I recently interviewed a biker named Matt who once had a doctor reconstruct his knee without using anesthesia. Matt regretted it, but you have to appreciate his old-school approach. Why embrace progress, Matt seemed to say, when you can just bite the bullet?
The same goes for me and skiing. I really miss skiing's good old days. I miss the Killington chairlift on frigid, mid-January mornings in 1977, when they handed out olive-drab Army blankets like sympathy cards to uploading skiers. And I miss the clanking, 25-minute ride to the top.
High-speed quads? Those are for sissies. Never mind that by the time we reached the summit, we all looked like Spartacus extras limping to the restaurant for a cup of hot chocolate.
And about those hot drinks: When an Eastern bloc lunchroom lady throws a Swiss Miss packet at your head and charges you $2, you know you've been served. The grainy powder islands that floated around in my Styrofoam mug were reassuring. Today, when the chefs up at Deer Valley ladle out lobster bisque, I'm speechless.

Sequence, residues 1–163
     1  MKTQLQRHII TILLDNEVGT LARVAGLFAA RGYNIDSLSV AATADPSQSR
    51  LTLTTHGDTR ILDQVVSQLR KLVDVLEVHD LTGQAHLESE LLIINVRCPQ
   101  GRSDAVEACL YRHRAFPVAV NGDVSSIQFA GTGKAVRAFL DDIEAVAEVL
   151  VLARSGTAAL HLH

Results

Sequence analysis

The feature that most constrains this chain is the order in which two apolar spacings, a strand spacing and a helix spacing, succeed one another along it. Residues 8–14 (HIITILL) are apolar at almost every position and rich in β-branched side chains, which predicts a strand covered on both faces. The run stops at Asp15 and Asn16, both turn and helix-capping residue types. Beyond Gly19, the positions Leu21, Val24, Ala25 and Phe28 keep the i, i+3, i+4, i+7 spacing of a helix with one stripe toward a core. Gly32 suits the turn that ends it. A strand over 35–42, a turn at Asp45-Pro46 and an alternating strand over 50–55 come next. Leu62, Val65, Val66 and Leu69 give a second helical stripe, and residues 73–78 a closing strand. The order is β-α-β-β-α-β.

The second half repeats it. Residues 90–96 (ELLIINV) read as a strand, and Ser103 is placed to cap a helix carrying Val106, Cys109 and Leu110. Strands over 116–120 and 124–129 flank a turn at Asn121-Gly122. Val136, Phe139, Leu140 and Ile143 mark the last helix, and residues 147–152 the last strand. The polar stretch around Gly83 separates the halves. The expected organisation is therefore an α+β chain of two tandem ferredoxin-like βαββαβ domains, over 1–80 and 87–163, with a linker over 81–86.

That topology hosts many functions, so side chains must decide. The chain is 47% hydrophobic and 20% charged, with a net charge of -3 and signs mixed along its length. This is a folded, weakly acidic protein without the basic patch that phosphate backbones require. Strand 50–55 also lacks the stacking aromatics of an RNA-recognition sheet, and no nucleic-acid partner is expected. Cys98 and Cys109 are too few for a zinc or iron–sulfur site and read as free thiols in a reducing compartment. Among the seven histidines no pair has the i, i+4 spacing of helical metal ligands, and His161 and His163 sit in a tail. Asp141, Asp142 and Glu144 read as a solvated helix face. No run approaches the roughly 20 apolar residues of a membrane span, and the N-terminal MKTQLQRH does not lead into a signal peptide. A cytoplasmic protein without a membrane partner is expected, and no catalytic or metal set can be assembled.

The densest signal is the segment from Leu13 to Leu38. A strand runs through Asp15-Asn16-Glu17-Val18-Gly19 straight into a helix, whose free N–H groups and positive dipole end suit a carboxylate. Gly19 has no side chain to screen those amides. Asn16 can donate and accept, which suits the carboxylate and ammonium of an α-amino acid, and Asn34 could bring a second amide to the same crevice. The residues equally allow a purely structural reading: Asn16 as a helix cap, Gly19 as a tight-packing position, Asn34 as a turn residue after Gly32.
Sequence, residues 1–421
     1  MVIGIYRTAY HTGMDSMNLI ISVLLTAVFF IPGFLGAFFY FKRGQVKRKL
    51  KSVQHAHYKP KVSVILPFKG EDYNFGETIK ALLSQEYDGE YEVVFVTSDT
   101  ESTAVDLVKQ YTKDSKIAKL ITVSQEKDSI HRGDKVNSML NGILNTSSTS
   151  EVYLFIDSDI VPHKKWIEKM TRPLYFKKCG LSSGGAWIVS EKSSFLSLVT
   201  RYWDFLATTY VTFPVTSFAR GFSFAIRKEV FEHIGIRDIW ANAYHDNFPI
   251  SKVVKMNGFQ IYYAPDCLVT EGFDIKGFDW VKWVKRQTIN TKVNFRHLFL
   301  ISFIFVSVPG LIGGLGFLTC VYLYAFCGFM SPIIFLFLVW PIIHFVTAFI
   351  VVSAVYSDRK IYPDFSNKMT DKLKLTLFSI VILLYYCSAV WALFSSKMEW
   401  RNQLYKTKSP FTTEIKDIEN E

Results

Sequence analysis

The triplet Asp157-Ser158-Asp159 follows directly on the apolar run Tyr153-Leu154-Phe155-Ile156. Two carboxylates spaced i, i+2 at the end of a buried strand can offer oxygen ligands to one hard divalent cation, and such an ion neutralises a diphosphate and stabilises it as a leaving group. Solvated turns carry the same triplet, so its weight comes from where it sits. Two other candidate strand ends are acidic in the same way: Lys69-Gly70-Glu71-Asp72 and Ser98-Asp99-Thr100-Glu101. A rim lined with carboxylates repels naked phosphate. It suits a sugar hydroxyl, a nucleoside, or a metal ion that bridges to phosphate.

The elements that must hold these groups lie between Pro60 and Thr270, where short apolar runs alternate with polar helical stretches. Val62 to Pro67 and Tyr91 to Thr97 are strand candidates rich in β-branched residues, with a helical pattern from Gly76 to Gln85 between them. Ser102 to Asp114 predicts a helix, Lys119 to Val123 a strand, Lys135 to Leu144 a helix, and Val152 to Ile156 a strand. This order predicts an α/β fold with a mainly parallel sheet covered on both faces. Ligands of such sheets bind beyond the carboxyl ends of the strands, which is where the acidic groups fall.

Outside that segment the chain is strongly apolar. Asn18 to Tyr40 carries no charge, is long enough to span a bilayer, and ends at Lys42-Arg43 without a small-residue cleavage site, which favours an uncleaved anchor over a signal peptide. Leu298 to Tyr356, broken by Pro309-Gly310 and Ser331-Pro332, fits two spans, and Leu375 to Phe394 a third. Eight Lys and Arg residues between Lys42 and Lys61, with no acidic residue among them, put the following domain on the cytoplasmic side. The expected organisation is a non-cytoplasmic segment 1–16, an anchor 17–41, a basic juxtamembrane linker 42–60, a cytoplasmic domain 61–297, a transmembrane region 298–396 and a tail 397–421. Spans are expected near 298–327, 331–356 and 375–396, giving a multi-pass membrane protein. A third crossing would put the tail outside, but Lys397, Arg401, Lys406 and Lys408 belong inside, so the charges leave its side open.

Enough of the "good ol' days." There's just no denying the incredible improvement in equipment and the corresponding growth in thrills. In other words: Today is better. From head to toe, from waterproof, breathable fabrics that keep the weather out to shaped skis that let you carve turns in a matter of moments, to snowmaking guns that make dry winters skiable, there's almost nothing regrettable about skiing's progress. We do it for fun, and there's simply more to be had, more quickly.
Let's paint a picture: You slip on thin synthetic socks that let you feel the snow and still keep you warm. You step into a ski outfit that beats the elements and doesn't elicit laughter in the supermarket. After a couple of eggs, you hop into your ski boots¿custom footbeds supporting those fading arches¿and hop onto your shaped skis. Now it's time for the high-speed ride to the summit; heads up, you're already there.
As for the way down, you choose: Go fast. Go slow. Bumps, groomed corduroy and the backside (left wild for your freeride skis) are all there for you. So with all due respect to those lamenting the passing of the old days, I ask only this: Is it nostalgia ... or amnesia?